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Jack Miras
Jack Miras

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Moving large amounts of data on AWS

Recently, my team got tasked with decoupling all the images from a monolith that was public and had to become privately accessible, but we were also asked to keep the images publicly accessible to be consumed by a frontend app.

Our frontend app has access to the monolithic API through an API gateway. The gateway is in the same VPC as the monolith that became private, and therefore it can reach him. In my team, there is a strategy to carefully reduce these major apps into microservices and headless frontends.

To achieve our goal, we decided to move over 50 GB of images from an EFS storage disk into an S3 bucket and update the image references in the monolith database. In that way, we would achieve the goal of having a private app with public images.

At first, my approach was to use AWS CLI by connecting to the server attached to the EFS through SSH and using AWS CLI to sync all the images into the S3 bucket by using the following command:

aws s3 sync /var/www/html/app/media s3://app-production-media
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This approach works, and if you have been tasked with something similar, you will achieve your goal, but this approach isn't the fastest. It took us 2 hours to sync 7 GB of data into the S3 bucket; at that pace, we would've spent more than 14 hours before finishing the synchronization of the images if we didn't get a timeout error, which we did.

Keep in mind that the aws s3 command got executed on an AWS server in the AWS network, which is way faster than the internet connection at my office, so these 14 hours have a higher weight, given the circumstances.

So, how could we move these 50 GB of images in an acceptable amount of time? That's where AWS DataSync comes in; this AWS service is meant to move data between the commonly used AWS storage solutions such as EFS, FSx, S3, NFS, Object Storage and SMB.

You do it by creating a DataSync task that can run only once or be scheduled to run from time to time. My recommendation is that you take a full look at the AWS DataSync documentation, so you can have a full view of DataSync's features.

This article shows how to create a task that runs manually. If you have a different use case, this article will serve you only as a base, and you will have to check the AWS documentation to implement extra aspects in your DataSync task.

Provisioning DataSync task

At the AWS management console, click on the search bar, search for DataSync and click on the service indicated in the image down below.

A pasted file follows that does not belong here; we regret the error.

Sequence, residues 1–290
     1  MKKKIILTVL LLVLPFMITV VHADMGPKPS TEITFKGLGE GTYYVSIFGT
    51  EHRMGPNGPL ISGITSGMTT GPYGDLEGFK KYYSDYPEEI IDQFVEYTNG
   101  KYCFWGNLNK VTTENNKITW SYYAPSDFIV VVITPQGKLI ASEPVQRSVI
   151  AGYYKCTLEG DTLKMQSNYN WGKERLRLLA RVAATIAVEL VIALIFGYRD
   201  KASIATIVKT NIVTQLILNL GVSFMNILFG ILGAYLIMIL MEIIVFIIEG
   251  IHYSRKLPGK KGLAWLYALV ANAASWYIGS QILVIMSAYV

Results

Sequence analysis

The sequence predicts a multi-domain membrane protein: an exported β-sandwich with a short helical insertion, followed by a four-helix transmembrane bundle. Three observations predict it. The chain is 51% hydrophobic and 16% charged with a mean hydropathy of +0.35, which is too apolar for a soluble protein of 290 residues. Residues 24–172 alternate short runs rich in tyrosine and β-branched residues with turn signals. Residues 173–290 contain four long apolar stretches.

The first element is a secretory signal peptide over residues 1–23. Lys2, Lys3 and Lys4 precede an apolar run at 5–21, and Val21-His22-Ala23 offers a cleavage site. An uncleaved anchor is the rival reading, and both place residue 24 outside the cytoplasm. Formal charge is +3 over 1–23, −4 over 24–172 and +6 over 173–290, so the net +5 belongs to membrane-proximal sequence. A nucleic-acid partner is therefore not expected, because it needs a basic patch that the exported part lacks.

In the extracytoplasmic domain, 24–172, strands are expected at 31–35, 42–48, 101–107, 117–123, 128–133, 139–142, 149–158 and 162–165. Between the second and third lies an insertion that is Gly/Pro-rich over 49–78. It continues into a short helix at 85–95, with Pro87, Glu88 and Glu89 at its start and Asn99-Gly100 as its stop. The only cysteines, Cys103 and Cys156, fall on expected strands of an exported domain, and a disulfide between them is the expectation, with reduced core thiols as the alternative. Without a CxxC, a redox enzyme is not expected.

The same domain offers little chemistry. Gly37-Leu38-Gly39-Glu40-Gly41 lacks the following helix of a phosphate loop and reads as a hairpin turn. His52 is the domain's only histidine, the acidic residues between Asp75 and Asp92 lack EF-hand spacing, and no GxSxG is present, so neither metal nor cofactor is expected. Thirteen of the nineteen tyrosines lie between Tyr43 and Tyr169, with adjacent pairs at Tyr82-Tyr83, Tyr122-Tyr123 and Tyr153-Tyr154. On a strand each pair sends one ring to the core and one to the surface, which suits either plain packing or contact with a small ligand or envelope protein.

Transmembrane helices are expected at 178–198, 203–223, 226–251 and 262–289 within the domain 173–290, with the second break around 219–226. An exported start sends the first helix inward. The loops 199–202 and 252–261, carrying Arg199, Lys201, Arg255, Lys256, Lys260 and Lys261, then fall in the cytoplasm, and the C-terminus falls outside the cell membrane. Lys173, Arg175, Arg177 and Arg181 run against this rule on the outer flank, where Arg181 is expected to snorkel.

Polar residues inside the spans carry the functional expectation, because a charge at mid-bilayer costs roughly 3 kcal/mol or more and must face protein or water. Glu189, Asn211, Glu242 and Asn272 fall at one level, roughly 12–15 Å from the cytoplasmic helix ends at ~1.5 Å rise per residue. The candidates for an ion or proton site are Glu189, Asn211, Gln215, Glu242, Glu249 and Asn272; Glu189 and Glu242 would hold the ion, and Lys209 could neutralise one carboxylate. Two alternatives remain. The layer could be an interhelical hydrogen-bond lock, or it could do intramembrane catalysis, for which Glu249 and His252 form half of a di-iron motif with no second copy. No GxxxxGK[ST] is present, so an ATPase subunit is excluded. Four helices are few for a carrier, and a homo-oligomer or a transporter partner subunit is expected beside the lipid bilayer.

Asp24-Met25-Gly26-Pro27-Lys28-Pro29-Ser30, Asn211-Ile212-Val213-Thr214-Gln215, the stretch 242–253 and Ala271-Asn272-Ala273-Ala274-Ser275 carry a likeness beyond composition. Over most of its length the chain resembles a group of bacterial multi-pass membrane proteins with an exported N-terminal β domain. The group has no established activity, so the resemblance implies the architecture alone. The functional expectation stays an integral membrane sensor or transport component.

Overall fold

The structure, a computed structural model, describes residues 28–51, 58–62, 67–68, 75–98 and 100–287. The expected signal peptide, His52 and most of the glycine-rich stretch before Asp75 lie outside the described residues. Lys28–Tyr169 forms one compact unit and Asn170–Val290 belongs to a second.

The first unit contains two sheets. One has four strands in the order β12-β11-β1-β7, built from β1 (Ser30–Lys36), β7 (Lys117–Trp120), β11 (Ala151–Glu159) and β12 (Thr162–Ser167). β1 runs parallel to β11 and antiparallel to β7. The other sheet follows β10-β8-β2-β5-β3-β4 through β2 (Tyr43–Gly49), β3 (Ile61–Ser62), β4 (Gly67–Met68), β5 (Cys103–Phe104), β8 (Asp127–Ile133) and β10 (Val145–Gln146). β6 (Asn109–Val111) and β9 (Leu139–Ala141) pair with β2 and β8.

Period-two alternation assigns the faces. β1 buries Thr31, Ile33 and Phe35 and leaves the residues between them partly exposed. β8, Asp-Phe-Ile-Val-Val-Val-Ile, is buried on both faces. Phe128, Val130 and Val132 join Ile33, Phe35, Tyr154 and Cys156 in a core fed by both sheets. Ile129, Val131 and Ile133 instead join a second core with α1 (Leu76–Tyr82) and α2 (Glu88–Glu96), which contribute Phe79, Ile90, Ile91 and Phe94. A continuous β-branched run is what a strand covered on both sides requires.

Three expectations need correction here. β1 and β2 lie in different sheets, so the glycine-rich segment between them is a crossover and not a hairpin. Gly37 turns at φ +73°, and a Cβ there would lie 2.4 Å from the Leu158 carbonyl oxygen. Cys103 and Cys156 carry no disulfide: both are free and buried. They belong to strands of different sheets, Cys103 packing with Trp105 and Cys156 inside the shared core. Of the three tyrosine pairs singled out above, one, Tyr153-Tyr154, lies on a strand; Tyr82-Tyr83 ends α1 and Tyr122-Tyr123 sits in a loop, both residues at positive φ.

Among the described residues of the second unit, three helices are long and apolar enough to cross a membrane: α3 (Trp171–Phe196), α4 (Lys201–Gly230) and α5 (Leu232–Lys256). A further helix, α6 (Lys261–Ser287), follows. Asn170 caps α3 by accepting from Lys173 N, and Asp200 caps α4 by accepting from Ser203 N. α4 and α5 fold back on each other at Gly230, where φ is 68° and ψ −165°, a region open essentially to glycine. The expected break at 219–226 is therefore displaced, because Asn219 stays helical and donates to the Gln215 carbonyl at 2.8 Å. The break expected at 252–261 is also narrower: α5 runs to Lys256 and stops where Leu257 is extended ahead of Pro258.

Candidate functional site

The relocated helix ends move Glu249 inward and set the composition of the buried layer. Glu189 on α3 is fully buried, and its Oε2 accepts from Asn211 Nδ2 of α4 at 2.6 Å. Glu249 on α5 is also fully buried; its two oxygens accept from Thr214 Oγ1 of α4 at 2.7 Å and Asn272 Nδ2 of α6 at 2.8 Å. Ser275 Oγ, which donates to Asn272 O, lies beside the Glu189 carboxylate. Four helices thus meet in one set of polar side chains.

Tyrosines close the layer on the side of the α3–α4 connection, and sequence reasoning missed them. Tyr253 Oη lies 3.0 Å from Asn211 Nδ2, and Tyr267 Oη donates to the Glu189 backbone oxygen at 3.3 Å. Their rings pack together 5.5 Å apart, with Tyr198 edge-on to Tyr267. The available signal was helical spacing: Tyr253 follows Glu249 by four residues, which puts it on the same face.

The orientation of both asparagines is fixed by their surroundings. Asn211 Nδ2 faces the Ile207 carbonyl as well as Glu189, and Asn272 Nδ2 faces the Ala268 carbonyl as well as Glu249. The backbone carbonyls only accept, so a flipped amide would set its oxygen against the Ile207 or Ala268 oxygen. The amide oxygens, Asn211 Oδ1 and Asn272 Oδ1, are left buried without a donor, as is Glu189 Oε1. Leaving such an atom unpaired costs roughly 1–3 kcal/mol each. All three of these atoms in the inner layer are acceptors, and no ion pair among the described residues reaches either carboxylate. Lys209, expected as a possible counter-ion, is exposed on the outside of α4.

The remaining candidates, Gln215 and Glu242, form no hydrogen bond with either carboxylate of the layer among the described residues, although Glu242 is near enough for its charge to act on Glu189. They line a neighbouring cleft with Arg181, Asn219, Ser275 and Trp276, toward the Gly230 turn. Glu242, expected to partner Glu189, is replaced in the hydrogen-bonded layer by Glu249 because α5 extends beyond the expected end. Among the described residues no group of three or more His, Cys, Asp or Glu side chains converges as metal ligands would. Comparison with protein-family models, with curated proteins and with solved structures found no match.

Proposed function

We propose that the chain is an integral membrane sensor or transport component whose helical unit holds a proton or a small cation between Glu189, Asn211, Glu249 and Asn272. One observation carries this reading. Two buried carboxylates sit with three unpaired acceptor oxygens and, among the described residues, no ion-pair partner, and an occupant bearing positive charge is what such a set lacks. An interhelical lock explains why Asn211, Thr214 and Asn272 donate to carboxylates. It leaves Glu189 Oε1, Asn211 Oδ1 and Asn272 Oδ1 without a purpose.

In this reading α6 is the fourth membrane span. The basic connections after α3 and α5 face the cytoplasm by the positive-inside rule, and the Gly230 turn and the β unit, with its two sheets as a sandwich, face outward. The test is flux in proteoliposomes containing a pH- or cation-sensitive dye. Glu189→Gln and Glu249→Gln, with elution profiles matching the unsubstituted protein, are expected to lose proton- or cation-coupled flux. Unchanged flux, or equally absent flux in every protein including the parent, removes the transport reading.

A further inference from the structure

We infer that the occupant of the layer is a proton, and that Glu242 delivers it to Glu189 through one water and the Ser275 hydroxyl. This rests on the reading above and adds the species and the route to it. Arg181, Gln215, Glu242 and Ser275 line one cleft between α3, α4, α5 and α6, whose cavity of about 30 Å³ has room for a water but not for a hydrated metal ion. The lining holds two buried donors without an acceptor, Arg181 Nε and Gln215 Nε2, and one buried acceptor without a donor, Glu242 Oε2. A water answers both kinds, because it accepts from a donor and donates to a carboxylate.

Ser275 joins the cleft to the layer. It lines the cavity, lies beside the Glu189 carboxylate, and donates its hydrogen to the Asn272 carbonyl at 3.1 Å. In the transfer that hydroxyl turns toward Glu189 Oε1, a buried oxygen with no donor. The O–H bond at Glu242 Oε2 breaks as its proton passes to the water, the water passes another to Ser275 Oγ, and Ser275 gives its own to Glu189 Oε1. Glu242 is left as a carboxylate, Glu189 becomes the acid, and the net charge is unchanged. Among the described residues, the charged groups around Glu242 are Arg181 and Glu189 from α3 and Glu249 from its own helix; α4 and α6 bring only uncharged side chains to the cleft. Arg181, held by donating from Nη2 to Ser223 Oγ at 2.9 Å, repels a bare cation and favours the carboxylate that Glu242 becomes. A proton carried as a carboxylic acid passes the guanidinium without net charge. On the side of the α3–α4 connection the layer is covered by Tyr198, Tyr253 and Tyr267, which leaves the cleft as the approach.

DataSync home page

After clicking it, you will be redirected to the following page: Notice that here you have access to a brief explanation of what DataSync is, how it works, and its benefits and features. Even though this article is straightforward, my recommendation is that you read everything on the DataSync home page. After finishing the reading, you can proceed to the next step by clicking on the Tasks option on the left-side menu.


Task dashboard

Once you've accessed the Tasks dashboard, you will see an empty dashboard with a Create Task button on the top-right side of the page. Click on the button to be redirected to the page that will allow you to start filling in the information about the DataSync task you will be creating.


Source location

Here, you must configure the source location from which the data will be copied. As mentioned previously, we will be copying data from an EFS disk into an S3 bucket. Hence, our source location will be pointing to an EFS disk, and down below, you can check how to configure the source location.


Destination location

After configuring the source location, you will be asked to configure the destination location, which will be an S3 bucket. Make sure to create and configure your bucket in such a way that your application can later read the files. Down below, you can check how to configure the destination location.


Configure settings

Once the source and destination locations are configured, you've got to handle general configuration settings such as task name, execution configuration, data transfer configuration, schedule, tags, and logging. Down below, you can check in more detail how to handle these general configurations.

When configuring the Task Logging, you can use a previously created CloudWatch log group, or just hit the Autogenerate button.


Review settings

Now that you've configured the task, it is time to review the configurations you've filled in. Read the review page carefully; if anything seems out of order, go back to the step where you found the mistake and fix it. Thereafter, come back to the review page, and once everything is the way you want it to be, you can click on the Create button in the bottom-right corner of the page.


Task start

Finally, the task got created, and now it's time to start it and initialize the process of copying the files from EFS to S3. To accomplish that, you just need to click on Start > Start with default.


Task status

Now that the task has started running, you can just watch the Task status until it is concluded. In case you want to see more details about the data getting copied from the EFS to S3, you can click on the Running status under Task status.


Execution status

Once you are watching the execution status, you can check a wide variety of information, including performance and the amount of data transferred. You will notice that at first the execution status will be Launching, but it will change as the data sync process keeps going.


Now that your DataSync task is finally done, you will have all of your data in a S3 bucket in a matter of minutes, not 14 hours.

Happy coding!

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